Web Advertising


This tutorial discusses how to add web advertising to your clients' web sites.

A large number of web sites utilize web ads to generate additional revenue. As a savvy web designer, you should understand how this works and be able to offer it as an option to your customers and/or employer.

The process is fairly simple. Your results will depend, of course, on several things:

  • How many visitors your web site attracts each day.
  • How many of those visitors have a propensity to click the ads on your web pages.
  • Which types of ads are displayed on your site (some make more money per click than others).
  • and how your ad placement, size and type match your ad-clicking visitors.

Does it sound like a lot of variables… well, it is. It is a very complex machine that, surprisingly, works fairly smoothly.

I am purposely not going to mention any inside processes or procedures regarding the ad services industry. Primarily because it is a proprietary and competitive industry that protects itself. What I will tell you is the basics of the industry and how you can set up a client's web site to begin displaying advertising.


Who Offers Web Advertising?

The biggest player in the game is Google Adsense. They are the leaders in the field. Some other players are AdBrite, Bidvertiser, Chitika, Clicksor, Skimlinks, and eClickZ. I am not endorsing or promoting any of these--just reporting.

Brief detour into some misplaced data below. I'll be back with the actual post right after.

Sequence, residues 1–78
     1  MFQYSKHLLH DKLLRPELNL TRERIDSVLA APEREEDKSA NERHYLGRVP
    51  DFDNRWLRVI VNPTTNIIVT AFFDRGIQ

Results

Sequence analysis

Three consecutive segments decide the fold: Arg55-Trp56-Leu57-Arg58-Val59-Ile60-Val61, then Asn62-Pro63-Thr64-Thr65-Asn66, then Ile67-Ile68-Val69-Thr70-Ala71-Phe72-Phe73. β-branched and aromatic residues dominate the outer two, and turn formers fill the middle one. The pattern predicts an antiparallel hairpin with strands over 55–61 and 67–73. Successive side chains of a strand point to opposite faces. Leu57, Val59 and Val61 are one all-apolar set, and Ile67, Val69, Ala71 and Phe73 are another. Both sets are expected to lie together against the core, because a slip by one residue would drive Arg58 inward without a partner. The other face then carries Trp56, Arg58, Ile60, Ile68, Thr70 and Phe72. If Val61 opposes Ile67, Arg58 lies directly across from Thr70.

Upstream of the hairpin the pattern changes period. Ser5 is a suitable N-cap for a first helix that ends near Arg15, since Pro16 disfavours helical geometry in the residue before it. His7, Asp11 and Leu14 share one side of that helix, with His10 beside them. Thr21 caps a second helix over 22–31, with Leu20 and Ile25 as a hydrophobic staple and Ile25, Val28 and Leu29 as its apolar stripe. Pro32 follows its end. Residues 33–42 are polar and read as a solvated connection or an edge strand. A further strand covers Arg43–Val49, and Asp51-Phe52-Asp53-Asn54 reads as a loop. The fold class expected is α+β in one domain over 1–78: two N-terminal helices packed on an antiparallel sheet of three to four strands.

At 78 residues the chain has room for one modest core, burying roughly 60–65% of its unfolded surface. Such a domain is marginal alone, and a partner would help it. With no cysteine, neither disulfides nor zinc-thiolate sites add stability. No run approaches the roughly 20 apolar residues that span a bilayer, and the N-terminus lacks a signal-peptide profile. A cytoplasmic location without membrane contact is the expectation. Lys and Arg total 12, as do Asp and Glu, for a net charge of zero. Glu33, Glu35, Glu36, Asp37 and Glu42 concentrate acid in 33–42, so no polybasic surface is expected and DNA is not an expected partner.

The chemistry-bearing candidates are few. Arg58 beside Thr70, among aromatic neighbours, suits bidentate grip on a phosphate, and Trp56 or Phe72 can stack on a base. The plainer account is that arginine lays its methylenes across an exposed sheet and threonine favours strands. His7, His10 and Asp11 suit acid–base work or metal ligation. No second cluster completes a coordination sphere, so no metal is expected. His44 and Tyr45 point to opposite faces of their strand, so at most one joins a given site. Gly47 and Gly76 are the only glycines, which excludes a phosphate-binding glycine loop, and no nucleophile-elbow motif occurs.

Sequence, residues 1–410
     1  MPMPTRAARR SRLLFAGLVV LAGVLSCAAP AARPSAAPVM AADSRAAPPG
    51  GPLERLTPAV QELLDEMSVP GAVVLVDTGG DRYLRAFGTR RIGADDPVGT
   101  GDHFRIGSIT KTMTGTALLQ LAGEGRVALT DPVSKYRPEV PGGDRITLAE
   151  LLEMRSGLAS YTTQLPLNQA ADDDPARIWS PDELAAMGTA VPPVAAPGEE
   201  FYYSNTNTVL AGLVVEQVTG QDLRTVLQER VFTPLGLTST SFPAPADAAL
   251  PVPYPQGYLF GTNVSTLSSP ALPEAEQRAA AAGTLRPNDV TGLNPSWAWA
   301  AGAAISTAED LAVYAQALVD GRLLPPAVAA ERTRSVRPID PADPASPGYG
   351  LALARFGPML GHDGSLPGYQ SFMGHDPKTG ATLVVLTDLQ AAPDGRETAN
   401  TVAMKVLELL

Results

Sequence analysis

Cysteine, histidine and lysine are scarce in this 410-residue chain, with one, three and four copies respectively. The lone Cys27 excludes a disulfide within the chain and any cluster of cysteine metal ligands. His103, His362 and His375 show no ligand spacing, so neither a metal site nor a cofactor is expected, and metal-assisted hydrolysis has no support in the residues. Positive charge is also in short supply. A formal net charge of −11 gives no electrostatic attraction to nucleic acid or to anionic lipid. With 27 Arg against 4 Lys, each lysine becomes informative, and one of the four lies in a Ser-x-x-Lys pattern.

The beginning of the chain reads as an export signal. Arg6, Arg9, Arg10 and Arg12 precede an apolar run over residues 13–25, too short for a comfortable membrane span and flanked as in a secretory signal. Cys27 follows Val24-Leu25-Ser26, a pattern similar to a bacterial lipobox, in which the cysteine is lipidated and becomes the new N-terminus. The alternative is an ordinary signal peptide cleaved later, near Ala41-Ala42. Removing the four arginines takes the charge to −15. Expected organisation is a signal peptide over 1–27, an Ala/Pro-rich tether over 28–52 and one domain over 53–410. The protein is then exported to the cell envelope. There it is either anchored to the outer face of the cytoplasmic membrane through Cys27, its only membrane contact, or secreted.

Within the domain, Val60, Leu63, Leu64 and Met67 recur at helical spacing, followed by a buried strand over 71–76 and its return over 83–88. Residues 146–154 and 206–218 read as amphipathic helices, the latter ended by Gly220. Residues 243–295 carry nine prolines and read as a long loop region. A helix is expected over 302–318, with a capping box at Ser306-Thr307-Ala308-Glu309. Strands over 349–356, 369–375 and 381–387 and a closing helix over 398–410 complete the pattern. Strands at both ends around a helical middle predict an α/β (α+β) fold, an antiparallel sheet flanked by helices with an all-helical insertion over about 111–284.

How it Works

Simply put:

  • You apply to open an account with one of the companies providing the ad service.
  • Once approved, you choose which size ads you want to display on your site.
  • Then build a div into your web site, and add the html code given to you by the company.
  • Then pick which ads you want to display on the site.
    Most companies allow you to choose which types and categories of ads show on your sites. Gambling, or dating sites not your thing? You can block those types of ads from displaying on your site.

That's it. They do the rest.

Once your ads are actively displaying, the company totals your ad revenue and simply mails you a check after you've reached a certain amount. Usually $50-$100.


So…When can I Quit My Job and Retire to my Beach House in Maui?

Well… not quite so fast there, young Jedi. Don't get too excited, too quickly. Web advertising takes a lot of time and SEO energy to be successful. Not to mention, you need to have content on your web site worth visiting, and ads that are worth clicking. The cool web site www.websitelooker.com tries its best to report how much revenue web sites make each day from advertising revenue. I know from personal experience that these figures are usually overstated. Sometimes by quite a bit!

On the brighter side, you can learn a lot about SEO tactics and about your visitor demographic by watching how much each web page generates in ad revenue. You'll become a better web designer--trust me.


Learn From Your Surroundings

The next time you're on a web page take a look around and see how many ads they are displaying. Where are they displayed? What size are they? Be aware of what others are doing and try to match their success.


Good luck!